Also in the drive was another leaping catch by wide receiver Demetrius Williams for 19 yards working on Hall.
After flying past strong safety Dawan Landry, Johnson then went to the sideline and put on a tan blazer with the words "Future Hall of Fame 20??" emblazoned on the back.
But there was some serious stuff going on. Not having a healthy Graham cost the Bengals an extra point to go along with the Stover field goal. Center Eric Ghiaciuc's return was questionable after he took a blow to the head late in the half. Anderson kept coming in and out of the game and Scott Kooistra finally took his place for the rest of the game early in the second quarter while backup center Alex Stepanovich went in for Ghiaciuc with his 30 NFL starts. Both backups started the second half.
The inexperience on the offensive line was obvious on the first series of the second half, which ended when linebacker Jarret Johnson blew in untouched on a blitz and sacked Palmer. Ghiaciuc returned to play all of the fourth quarter.
Chad Johnson's touchdown came the first snap after one of those three turnovers, and this one was a sack and strip of McNair by middle linebacker Ahmad Brooks that was recovered by Geathers (of course) at the Ravens 39.
The Bengals couldn't convert the game's first turnover when Ravens running back Willis McGahee and McNair failed to connect on a handoff and Landon Johnson fell on it at the Ravens 41.
But it was a three-and-out, and when Graham got off a low liner, Reed ran it back to the Baltimore 46 and Graham reaggravated his bruised hip on the ensuing scrum and went to the locker room.
That's why punter Kyle Larson had to try the extra point on Johnson's touchdown and it got blocked in his first try with new quarterback Ryan Fitzpatrick the holder after just being with the team for a week.
Bengals 'D' sets tone early
The Bengals came out blitzing and aggressive, and the Ravens somehow fumbled a third straight time when linebacker Lemar Marshall put a helmet on the ball after a catch by fullback Le'Ron McClain and Madieu Williams recovered at the Bengals 45.
But the Bengals could only get a 23-yard field goal from a limping Graham to make it 9-0. Ravens middle linebacker Ray Lewis (who also left the field briefly for an arm injury) got called for a 15-yard penalty on a horse-collar tackle of Rudi Johnson, but Palmer couldn't convert a third-and five from the Baltimore 5 when he had to hurry a pass to wide receiver Tab Perry with linebacker Terrell Suggs in his face and the ball was overthrown.
If Graham had been healthy, the Bengals no doubt would have tried a 51-yarder in the middle of the second quarter but they opted to punt and Larson put it in the end zone. Chad Johnson gave the offense the opportunity by beating Reed to the middle of the field for a 33-yard catch. Johnson finished the half with five catches for 95 yards, and got blanked in the second half.
But the drive was hampered by a holding call on Whitworth trying to block Suggs.
Palmer was 14-of-21 passing for 158 yards and a passer rating of 104.9 at the half, but the offense left some plays on the field. On the play before Graham's late first half field goal, the Bengals missed on their sixth third-down try of seven in the half when Perry was open over the middle, but he went one way and Palmer's throw went the other.
The Bengals won even though Rudi Johnson finished with just 50 yards on 18 carries and Palmer was just 6-of-11 for 36 yards in the second half.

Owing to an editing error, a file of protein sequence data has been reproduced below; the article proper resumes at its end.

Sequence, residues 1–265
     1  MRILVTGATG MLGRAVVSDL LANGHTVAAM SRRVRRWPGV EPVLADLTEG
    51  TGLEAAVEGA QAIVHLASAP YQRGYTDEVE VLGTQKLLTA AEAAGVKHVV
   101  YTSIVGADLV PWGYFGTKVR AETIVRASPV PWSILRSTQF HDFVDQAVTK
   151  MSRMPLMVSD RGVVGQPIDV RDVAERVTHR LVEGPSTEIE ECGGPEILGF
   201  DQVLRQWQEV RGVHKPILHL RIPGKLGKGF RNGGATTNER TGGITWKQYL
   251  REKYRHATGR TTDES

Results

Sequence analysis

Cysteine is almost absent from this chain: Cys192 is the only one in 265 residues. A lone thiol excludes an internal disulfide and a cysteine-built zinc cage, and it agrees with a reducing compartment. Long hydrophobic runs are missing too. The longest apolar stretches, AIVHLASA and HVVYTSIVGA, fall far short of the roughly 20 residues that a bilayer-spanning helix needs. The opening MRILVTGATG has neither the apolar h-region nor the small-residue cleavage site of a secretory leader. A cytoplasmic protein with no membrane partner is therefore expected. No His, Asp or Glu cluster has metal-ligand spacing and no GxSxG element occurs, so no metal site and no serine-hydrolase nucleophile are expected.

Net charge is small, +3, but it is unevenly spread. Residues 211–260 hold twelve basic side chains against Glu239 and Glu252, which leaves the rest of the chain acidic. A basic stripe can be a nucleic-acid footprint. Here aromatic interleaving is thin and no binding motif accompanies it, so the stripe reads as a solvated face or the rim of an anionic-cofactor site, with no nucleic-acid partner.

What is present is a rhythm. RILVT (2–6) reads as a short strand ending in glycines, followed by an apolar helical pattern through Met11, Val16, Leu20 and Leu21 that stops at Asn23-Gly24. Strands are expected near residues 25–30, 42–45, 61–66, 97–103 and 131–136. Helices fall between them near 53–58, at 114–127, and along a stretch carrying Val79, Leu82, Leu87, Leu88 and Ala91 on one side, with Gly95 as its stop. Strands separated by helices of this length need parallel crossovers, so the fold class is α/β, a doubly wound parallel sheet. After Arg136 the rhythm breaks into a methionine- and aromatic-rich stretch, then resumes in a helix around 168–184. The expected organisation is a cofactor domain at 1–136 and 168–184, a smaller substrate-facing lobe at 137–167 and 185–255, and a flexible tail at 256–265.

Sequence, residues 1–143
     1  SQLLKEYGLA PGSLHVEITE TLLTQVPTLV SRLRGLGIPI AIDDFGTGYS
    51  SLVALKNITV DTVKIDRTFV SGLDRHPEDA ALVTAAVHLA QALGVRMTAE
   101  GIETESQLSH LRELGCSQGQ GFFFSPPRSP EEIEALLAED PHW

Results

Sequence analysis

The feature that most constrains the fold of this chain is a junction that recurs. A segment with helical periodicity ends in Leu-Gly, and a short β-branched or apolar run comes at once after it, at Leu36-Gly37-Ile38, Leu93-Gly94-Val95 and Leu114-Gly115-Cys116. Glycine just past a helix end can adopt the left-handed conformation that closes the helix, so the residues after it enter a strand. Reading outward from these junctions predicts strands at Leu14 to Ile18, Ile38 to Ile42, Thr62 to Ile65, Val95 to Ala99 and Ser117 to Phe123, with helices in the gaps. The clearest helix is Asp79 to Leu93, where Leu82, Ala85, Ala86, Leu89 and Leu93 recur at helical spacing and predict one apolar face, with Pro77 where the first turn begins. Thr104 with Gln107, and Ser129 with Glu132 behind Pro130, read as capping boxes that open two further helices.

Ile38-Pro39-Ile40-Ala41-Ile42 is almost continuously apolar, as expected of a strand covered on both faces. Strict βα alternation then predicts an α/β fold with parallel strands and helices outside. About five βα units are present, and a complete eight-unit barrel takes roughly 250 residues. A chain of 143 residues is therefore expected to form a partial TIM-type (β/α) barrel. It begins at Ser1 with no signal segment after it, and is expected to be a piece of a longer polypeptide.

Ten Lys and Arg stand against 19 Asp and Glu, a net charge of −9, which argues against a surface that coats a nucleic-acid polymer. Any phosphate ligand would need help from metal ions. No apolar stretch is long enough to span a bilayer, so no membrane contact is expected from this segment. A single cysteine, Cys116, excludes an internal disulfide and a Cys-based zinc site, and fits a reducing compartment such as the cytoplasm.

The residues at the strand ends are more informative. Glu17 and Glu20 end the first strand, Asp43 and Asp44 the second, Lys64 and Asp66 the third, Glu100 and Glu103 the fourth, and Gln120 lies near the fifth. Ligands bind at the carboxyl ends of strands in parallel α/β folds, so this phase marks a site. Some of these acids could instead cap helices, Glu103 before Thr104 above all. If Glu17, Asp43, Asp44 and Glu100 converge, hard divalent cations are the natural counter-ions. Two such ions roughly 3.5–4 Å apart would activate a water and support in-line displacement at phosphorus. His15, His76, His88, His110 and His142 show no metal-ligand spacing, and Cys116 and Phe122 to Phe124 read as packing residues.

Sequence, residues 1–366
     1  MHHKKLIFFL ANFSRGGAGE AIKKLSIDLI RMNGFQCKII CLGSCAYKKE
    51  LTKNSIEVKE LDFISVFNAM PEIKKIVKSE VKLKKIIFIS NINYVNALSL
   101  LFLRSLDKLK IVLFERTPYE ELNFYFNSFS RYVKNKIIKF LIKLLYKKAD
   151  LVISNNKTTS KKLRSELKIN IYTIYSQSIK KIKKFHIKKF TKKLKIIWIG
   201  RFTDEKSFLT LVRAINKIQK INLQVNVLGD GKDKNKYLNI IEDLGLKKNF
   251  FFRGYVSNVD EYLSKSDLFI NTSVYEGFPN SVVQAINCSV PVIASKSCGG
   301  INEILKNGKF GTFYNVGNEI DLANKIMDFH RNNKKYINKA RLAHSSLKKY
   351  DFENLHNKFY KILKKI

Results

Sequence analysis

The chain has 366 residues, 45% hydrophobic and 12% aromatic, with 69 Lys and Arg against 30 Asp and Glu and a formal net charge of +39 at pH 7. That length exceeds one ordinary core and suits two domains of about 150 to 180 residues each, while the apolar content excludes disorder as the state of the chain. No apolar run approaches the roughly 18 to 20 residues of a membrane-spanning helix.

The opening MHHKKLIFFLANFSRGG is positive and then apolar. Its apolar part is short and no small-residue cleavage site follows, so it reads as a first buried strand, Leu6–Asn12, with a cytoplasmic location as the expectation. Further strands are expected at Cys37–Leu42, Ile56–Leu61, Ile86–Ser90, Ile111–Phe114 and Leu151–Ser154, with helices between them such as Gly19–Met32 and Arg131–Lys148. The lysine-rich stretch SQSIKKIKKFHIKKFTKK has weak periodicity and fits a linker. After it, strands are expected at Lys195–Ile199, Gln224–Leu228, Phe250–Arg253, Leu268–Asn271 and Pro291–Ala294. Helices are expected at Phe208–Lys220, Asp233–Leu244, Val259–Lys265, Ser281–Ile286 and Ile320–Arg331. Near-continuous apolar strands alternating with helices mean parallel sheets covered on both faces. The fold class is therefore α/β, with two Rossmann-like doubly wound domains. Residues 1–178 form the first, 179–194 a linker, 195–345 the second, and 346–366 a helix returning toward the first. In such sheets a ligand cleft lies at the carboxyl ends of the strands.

"We'll take it. Any time you get an ugly win, or a pretty win, a win is a win against that team, against that defense," Palmer said.
Brooks left when he felt ill, but he was expected to return and he did, finishing with six tackles.
PREGAME NOTES: After a preseason fraught with injury, the Bengals regular starting lineup lacked only three players for Monday night's opener against the Ravens at Paul Brown Stadium with left tackle Andrew Whitworth getting the start in place of Levi Jones, rookie cornerback Leon Hall in place of Johnathan Joseph and Lemar Marshall in place of Rashad Jeanty at strong-side linebacker.
But Jones and Joseph were both dressed and Joseph figured to play when the Bengals are in their nickel package on passing downs. Jones, who had been rehabbing a surgically-repaired knee until three weeks ago, has been saying he's healthy so he could also be used.
Jeanty (leg) was on the inactive list along with two other players already declared out earlier in the week: Ethan Kilmer (knee), a defensive back, and defensive end Frostee Rucker (hamstring). Four rookies also took seats with center Dan Santucci, safety Marvin White, cornerback David Jones, and running back Clifton Dawson on the inactive list.
Jones and Dawson arrived only last week via the waiver wire. The deactivation of Santucci, reacquired last week from the Colts practice squad, was an indication head coach Marvin Lewis feels confident about starting center Eric Ghiaciuc. Ghiaciuc had missed the last two practices of the week with a neck problem.
Two perennial Pro Bowl tackles who missed virtually the entire preseason with injuries were in the starting lineup to begin their 12th seasons. Bengals right tackle Willie Anderson (foot) was poised to make his 113th straight start while the Ravens' Jonathan Ogden (toe) took his spot at left tackle on Baltimore's new-look offensive line.
Yet it wouldn't be 2007 if the Bengals weren't dealing with some kind of adversity. According to the Bengals radio network, tight end Reggie Kelly is fighting flu-like symptoms and that would be a huge blow if he can't be in the pass protection against the Ravens' countless array of looks. His backup is Daniel Coats, a free-agent rookie making his NFL debut.
When he didn't start the Bengals preseason finale 10 days ago, Jones vented about being healthy enough to play and said no one had bothered to communicate with him. He apologized three days later for being a distraction but hasn't said anything since.
Mike Anderson, the Ravens' most effective running back during the preseason, was inactive.
The game had all the trappings of the AFC North championship game. ESPN's national television audience, a flyover after the national anthem, and a pregame script "Bengal" executed by The Ohio State University band.
The Bengals took the field in the back jerseys and white pants when head coach Marvin Lewis introduced his offense. The sellout crowd saluted the arrival of Anthony Munoz, the team's only Pro Football Hall of Famer, as an honorary captain when he delievered the game ball.
Kelly, free safety Madieu Williams, and linebacker Caleb Miller joined captains Carson Palmer and John Thornton for the coin toss that the Ravens won by calling heads.
The Bengals wasted no time making a hit. Williams and fellow safety Herana-Daze Jones blew up returner B.J. Sams on the sideline at the Baltimore 17 on the opening kickoff.